For rent: Calif. houses endangered by rising seas

By Anne C. Mulkern | 09/24/2021 06:40 AM EDT

California is poised to launch a groundbreaking program to buy vulnerable beachfront homes and rent them out until sea-level rise makes them uninhabitable.

Waves roll close to homes in Malibu, Calif.

Waves roll close to homes in Malibu, Calif. State lawmakers passed a program to buy properties threatened by climate change. AP Photo/John Antczak

California is poised to launch a groundbreaking program to buy vulnerable beachfront houses that could be rented out until rising ocean levels make them too dangerous to live in.

The move comes as state officials look for ways to move homeowners away from areas threatened by the effects of climate change, a strategy known as managed retreat. The voluntary measure, passed recently by the state Legislature, would create a low-interest loan fund that could be used by coastal municipalities to buy homes endangered by ocean flooding or collapsing cliffs.

Money raised by renting them could be used to repay the loans, and cover the cost of eventually tearing them down and restoring the beach.


Supporters see it as a politically acceptable way to begin managed retreat so beaches can migrate landward as sea levels rise.

"Frequent record-breaking weather events remind us that the impacts of climate change are imminent, especially when it comes to sea-level rise," said state Sen. Ben Allen (D), who wrote the bill, S.B. 83. "Coastal cities and counties are facing impossible choices over how much of their already stretched public resources to spend fighting the sea.”

The measure, which is waiting for the signature of Gov. Gavin Newsom (D), will offer local governments with a voluntary financing tool, he said, to help manage sea-level rise impacts. There were no official opponents to the measure, which had bipartisan support.

A 2017 analysis by the U.S. Geological Survey found that rising seas imperil California’s famed beaches. Higher tides could swallow up to two-thirds of Southern California’s sandy coastline by the turn of the century, unless there’s human intervention to stop it. The state’s Legislative Analyst’s Office estimated that up to $10 billion of existing properties in California are likely to be underwater by midcentury.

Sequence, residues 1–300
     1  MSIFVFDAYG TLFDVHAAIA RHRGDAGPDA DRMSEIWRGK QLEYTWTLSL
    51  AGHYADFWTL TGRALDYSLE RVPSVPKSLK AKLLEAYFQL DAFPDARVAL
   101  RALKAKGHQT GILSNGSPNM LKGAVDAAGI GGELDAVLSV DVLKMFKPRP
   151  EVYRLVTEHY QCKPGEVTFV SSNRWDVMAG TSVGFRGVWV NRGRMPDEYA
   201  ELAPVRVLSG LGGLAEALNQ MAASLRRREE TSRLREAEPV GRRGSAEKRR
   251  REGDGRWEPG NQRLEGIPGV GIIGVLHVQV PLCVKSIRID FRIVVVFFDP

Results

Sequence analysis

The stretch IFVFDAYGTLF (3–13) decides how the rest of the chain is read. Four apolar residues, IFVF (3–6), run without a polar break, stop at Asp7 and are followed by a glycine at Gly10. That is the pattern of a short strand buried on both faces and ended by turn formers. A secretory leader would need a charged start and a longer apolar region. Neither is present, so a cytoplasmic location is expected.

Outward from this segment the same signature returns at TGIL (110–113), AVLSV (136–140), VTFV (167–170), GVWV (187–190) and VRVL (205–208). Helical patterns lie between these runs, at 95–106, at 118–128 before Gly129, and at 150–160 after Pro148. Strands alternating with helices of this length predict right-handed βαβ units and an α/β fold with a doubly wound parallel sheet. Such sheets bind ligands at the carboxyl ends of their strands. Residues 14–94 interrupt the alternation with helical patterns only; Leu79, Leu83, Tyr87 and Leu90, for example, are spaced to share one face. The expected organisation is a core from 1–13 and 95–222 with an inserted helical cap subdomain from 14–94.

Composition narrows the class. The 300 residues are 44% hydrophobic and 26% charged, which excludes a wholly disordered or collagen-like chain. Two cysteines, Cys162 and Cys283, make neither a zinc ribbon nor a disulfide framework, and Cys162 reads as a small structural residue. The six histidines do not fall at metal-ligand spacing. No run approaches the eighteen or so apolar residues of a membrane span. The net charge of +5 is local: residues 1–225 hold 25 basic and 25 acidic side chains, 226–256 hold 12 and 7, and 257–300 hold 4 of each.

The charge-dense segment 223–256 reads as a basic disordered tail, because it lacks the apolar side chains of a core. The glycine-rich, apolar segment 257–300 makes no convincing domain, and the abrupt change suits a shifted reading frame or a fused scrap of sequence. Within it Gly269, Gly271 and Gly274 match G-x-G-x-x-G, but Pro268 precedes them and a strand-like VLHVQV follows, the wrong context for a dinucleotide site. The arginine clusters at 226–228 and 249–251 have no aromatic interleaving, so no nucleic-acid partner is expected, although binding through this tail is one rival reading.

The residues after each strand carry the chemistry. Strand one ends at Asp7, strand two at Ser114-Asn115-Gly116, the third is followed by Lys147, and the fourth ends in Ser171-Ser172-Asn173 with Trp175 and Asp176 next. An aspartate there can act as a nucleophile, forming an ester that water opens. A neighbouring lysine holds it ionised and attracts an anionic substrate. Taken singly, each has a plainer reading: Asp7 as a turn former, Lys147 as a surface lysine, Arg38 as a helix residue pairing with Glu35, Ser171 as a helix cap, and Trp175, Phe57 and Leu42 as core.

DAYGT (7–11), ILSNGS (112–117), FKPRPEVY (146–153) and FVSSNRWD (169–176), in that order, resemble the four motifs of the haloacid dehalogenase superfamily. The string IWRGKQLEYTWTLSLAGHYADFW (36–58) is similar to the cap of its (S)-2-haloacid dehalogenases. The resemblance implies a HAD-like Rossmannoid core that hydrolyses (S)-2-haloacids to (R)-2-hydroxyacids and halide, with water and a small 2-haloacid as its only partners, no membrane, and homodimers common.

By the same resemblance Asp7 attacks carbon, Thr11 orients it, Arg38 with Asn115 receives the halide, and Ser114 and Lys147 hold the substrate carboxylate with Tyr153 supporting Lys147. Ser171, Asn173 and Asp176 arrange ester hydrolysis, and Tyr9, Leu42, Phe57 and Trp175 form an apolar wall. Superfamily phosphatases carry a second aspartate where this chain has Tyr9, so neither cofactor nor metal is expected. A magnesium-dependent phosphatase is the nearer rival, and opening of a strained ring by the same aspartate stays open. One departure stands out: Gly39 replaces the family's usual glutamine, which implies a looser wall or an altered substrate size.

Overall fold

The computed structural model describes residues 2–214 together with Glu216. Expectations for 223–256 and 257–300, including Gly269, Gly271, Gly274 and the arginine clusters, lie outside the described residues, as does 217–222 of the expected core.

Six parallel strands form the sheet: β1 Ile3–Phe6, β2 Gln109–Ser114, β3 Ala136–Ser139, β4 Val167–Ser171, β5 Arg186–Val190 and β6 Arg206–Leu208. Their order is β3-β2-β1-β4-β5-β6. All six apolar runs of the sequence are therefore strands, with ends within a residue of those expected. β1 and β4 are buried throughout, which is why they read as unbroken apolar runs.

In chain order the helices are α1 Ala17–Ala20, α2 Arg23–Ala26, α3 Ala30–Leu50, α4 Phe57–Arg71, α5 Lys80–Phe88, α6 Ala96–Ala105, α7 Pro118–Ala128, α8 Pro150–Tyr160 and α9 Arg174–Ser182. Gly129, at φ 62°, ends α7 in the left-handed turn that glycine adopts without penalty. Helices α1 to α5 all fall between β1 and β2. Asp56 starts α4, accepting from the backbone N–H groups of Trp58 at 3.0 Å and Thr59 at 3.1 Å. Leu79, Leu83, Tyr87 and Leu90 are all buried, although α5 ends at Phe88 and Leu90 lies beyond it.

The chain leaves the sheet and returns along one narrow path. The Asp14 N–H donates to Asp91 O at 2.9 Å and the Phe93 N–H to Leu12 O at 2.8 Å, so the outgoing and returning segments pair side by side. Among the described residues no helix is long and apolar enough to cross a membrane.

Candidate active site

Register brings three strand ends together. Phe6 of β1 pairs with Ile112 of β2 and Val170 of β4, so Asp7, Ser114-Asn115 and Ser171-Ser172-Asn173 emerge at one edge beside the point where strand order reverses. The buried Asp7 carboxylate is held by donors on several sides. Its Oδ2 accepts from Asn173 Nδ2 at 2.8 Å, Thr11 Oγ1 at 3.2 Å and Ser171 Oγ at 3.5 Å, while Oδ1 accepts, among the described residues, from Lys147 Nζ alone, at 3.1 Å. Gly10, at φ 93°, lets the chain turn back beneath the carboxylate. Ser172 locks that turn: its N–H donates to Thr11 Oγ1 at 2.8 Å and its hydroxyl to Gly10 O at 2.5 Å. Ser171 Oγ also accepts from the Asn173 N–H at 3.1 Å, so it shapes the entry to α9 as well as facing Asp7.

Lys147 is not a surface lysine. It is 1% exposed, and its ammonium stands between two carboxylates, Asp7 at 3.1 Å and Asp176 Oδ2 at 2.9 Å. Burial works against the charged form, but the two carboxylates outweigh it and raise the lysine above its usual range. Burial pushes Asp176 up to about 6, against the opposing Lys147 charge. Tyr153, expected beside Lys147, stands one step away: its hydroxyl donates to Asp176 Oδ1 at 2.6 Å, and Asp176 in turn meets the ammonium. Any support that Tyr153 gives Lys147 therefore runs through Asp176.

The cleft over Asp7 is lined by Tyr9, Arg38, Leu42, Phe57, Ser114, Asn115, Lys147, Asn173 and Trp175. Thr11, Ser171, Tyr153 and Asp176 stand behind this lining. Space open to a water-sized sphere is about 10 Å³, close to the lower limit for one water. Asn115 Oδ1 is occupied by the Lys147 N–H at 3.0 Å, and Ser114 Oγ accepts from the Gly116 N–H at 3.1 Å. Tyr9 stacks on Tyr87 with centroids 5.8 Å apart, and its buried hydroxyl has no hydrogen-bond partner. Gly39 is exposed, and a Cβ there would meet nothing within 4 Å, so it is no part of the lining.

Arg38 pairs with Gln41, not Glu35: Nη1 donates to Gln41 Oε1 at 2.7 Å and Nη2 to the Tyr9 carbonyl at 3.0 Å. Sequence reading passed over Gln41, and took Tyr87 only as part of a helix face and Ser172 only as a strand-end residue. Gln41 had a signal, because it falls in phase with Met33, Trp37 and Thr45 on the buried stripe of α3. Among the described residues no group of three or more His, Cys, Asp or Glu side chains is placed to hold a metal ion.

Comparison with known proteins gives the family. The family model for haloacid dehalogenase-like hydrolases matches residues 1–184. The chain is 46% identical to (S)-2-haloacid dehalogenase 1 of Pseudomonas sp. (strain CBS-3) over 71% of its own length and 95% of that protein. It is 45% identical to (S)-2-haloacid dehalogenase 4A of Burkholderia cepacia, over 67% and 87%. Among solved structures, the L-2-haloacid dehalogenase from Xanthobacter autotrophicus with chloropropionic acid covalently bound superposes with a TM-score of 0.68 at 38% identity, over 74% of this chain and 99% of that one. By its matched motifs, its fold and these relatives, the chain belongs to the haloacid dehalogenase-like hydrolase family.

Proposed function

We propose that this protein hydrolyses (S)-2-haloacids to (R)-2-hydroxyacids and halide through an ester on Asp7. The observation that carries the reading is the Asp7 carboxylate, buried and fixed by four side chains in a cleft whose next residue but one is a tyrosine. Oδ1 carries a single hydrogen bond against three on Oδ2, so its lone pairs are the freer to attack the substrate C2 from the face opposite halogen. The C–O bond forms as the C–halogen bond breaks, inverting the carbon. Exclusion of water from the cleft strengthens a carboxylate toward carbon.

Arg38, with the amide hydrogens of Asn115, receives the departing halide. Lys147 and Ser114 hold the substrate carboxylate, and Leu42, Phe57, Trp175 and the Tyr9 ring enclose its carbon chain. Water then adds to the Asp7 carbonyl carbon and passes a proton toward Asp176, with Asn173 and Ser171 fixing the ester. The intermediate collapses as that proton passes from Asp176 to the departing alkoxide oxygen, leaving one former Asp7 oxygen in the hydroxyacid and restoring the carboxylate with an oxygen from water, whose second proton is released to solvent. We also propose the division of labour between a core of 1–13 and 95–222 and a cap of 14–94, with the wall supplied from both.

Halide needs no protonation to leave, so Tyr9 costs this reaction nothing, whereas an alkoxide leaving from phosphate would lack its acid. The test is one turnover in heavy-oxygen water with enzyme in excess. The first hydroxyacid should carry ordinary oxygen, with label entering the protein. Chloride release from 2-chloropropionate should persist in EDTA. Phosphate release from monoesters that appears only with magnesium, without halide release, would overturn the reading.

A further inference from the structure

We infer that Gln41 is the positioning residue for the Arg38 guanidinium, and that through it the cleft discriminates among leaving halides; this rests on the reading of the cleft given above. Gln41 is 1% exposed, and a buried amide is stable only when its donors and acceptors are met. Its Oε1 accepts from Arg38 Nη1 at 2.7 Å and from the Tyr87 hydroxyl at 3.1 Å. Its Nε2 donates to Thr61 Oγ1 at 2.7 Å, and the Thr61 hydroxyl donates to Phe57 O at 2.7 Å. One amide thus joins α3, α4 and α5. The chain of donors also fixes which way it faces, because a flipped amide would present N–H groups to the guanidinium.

This isn’t the first time that governments will buy disaster-prone houses. The Federal Emergency Management Agency has bought out flood-damaged properties in states across the U.S. But a program to buy homes years before they’re damaged is believed to be unprecedented.

If Newsom signs the bill, the state’s Ocean Protection Council will develop rules for the program to determine if a home could recoup enough in rent to pay back the loan. Many coastal homes in California sell for millions of dollars.

The measure tells OPC to look at whether acquiring the property could provide public benefits, such as replacing the home with dunes or other natural infrastructure that could blunt the effects of rising seas. OPC must release those details by 2023.

Then it’s up to cities to decide if they want to apply for the money. To qualify, they must first show they’re part of a local or regional plan to address sea-level rise impacts.

Step toward managed retreat

Efforts to cope with climate impacts on beaches have created tension between coastal cities and state agencies. Wealthy beachfront homeowners have protested measures by the California Coastal Commission to prevent the construction of sea walls, which the agency says can "drown" beaches.

The Coastal Commission supports the buy-to-rent program.

"This is an innovative approach to an intractable problem and it is the first actual tangible action California has contemplated doing on managed retreat," said Noaki Schwartz, a spokesperson for the commission. "Currently, we have situations where homeowners are dealing with sea-level rise by building unpermitted sea walls, which accelerates loss of public beaches. The hope is that this program would encourage coastal property owners to become willing partners in adaptation planning for the greater good."